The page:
And yet . . . California does have a lot going for it that New York lacks. I miss California’s mediterranean climate, sailing on the San Francisco Bay, visiting the best wine area in the country, and going to see the Giants play. California also has more advantages for families and children in court. It was the first state to establish no-fault divorce in 1970 while New York was dead last in 2010. There are seven different grounds for divorce here including adultery that still may result in a denial of spousal support. Fiduciary duties of loyalty and care between spouses are more evolved in California, covering the entire length of the marriage and setting out remedies for breach.7 New York has no statutory law on fiduciary duty, and case law limits the duty to time of divorce only. 8 And California is a community property state so everything earned, accumulated or received during the marriage (e.g. wages, benefits, property, the value of a business etc.) except for separate property owned prior to marriage, gifts or bequests, as well as all liabilities incurred are equally split at dissolution. 9 Although New York is an equitable distribution state and not one of nine community property states; most property acquired during marriage is presumed to be marital property. In practice, everything is generally split equally regardless of title except businesses. Non-business owner spouses who do not participate in the business operation generally receive far less than half the value of the business. To make an equitable disposition of marital property upon divorce, New York courts should consider 14 factors very similar to the 20 factors California courts use to determine permanent spousal support. However, the equitable distribution factors, unlike California’s spousal support factors, appear to be a guideline with no requirement that the Court make any record findings. 10 And, until last fall, New York actually considered a spouse’s “enhanced earning capacity” from awards, degrees and prizes (e.g. Nobel) to be a marital asset to be valued and distributed at dissolution. 11
Both states use a similar formula considering both income and expenses to reach temporary spousal support but New York now also mandates the formula be used to set presumptively correct permanent support although it retains discretion to adjust where appropriate. It’s unclear whether this will be better or worse for families and their counsel. A formula for permanent support certainly increases predictability but significantly reduces judicial discretion.12
Maybe, the best thing is to combine the states. This approach has certainly worked for the Giants.13 Combining both states means that I can continue to visit friends and family, teach and work in the Bay Area. I come west when the east is too cold, to see the Giants play, buy wine, and go sailing. I can also avoid litigating fault divorce, retain more judicial discretion for permanent spousal support, and hold parties to a stricter fiduciary duty. Sounds pretty good.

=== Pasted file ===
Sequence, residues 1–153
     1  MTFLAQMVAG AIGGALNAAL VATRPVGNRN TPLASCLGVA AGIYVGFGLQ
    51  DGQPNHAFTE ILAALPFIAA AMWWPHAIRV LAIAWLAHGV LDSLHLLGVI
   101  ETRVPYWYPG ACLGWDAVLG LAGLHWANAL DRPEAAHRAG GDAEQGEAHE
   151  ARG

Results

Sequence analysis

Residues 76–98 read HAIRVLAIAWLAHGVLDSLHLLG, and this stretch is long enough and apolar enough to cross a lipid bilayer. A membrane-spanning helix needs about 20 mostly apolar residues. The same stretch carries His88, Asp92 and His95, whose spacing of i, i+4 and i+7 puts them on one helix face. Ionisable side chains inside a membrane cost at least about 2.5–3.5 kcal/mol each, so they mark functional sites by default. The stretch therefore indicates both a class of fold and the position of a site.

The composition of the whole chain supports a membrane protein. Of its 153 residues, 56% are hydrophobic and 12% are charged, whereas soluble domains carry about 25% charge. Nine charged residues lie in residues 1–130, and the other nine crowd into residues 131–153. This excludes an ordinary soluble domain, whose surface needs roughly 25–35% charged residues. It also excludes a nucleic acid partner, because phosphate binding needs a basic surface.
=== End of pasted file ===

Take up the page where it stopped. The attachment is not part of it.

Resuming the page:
N.Y. Domestic Relations Law § 235, N.Y. Family Court Act §166.
 The latest official study I could locate shows that roughly a half of NYC family law litigants rather than California’s two thirds appear unrepresented.
 California mandates record findings on specific best interest factors defined by statute where New York relies on case law with no requirement for record findings with the sole exception of a history of domestic violence. Cal. Fam.Code § 3011 and N.Y. Domestic Relations Law § 240(1).
 Cal. Fam.Code § 3042; Koppenhoefer v. Koppenhoefer, 159 AD2d 113 (2d Dept 1990); Matter of Brice v. Mitchell, 184 A.D.2d 1008 (4th Dept 1992).
N.Y. Domestic Relations Law § 240(1)(b), N.Y. Family Court Act § 413, and Cal. Fam.Code § 3011.
 Cal.Fam.Code § 2100 and N.Y. Domestic Relations Law § 236 B(4).
 Cal.Fam.Code § 721 and § 1100-1101.
 Manes .v. Manes, 277 A.D.2d 359 (2000).
Cal.Fam.Code § §760,770 & 802.
 N.Y. Domestic Relations Law § 236(1) and § 236 B(5)(d); Compare Cal.Fam.Code § 4320.
 O’Brien v. O’Brien, 66 NY2d 576 (1985).
 The new law caps annual income available for both temporary and permanent support at $175,000. The court can deviate from the formula where it finds the presumed award unjust or inappropriate in a particular case based on specific factors quite similar to California’s discretionary permanent support factors under Cal.Fam.Code § 4320. The law also establishes a presumptively correct duration of permanent support based on the length of the marriage with adjustments that must be based on the same factors for non-guideline support. N.Y. Domestic Relations Law § 236B(6).
 When you combine their New York and California records, the Giants have won the most games in baseball, 23 National League pennants, 20 World Series competitions, and 8 World Series championships. I don’t want to talk about the Miracle Mets who killed my Baltimore Orioles in 1969 or the damn Yankees so pardon me Oakland A’s fans for not getting into American League details.